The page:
Karen is currently a preschool teacher’s aide and mother of two sons from Palmyra, MO. 17 years ago, Karen was diagnosed with MS at the age of 34 when her oldest son was four years old and her youngest son only four months old. Despite her health, she continued to work full-time until chronic fatigue made it necessary for her to stay home. After fighting for it for two years, she was finally given disability benefits in 2005. Since then, she has gone through a divorce, bankruptcy, and is now happily remarried.
Following her Christian values, she decided to marry rather than just live with her now husband. But, because of the record low Medicaid eligibility requirements in Missouri, her husbands’ Social Security Retirement disqualifies them from Medicaid benefits. Because of her disability, she does qualify for Medicare, but she doesn’t have Medicaid to fill the large coverage gaps. Though she is grateful for the care Medicare does provide, she recalls being very overwhelmed by the amount of paperwork involved in the application process. “It’s absurd the amount of paperwork required every few months and the hoops you have to jump through.” she says. Also, it did not make her health care affordable since she does not get any help from Medicaid with her Medicare Part B or Part D Premiums.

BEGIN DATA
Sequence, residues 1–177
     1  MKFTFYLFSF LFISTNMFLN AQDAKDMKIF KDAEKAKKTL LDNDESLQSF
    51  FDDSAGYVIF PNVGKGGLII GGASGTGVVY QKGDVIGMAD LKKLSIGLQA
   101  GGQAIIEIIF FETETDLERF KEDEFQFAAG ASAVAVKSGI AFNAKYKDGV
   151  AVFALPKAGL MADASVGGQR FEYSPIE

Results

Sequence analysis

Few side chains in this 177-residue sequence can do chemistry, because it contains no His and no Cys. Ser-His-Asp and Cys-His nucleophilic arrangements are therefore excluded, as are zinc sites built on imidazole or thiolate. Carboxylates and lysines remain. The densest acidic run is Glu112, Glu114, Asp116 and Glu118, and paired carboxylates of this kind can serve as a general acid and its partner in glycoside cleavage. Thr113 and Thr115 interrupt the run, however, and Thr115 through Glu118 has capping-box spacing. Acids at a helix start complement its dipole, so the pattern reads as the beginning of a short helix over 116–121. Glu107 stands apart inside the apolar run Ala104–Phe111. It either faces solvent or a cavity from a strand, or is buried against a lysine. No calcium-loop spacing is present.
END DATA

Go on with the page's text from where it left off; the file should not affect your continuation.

This meant her MS medication copay was a massive $3000 every 3 months. Not being able to pay this, she contacted the drug company and got her medication from them directly. On this process, Karen says, “I contacted the manufacturer of the drug, Novartis, after finding out what the medication was going to cost me. This is the only way that I can continue to take this medication that is keeping me in remission. But again, I continually have to send numerous documents to them to verify my need.” Also, every time she goes to the Neurologist, with this being a “specialized” doctor, the appointment copay is $50. Her other medications that she finds necessary to take for this disease range anywhere from $50-$200 a month, so she can find herself rationing dosages or taking pills every other day to save medicine and money. “Sometimes I have to take half the recommended dosage of my MS meds”, she says. Karen has also just recently found that she requires dental work and new glasses lenses which Medicare does not cover, only adding to her already burdensome medical expenses.
Karen has testified about her experiences before congress and been to lobby days as a member of the MS Society government relations committee and MO task force. She puts her faith in God for continued health and wants to continue reaching out and assisting others with MS and other diseases, however, the physical and financial toll of her illness makes it difficult to travel, a reality many people in Missouri and across the state face every day.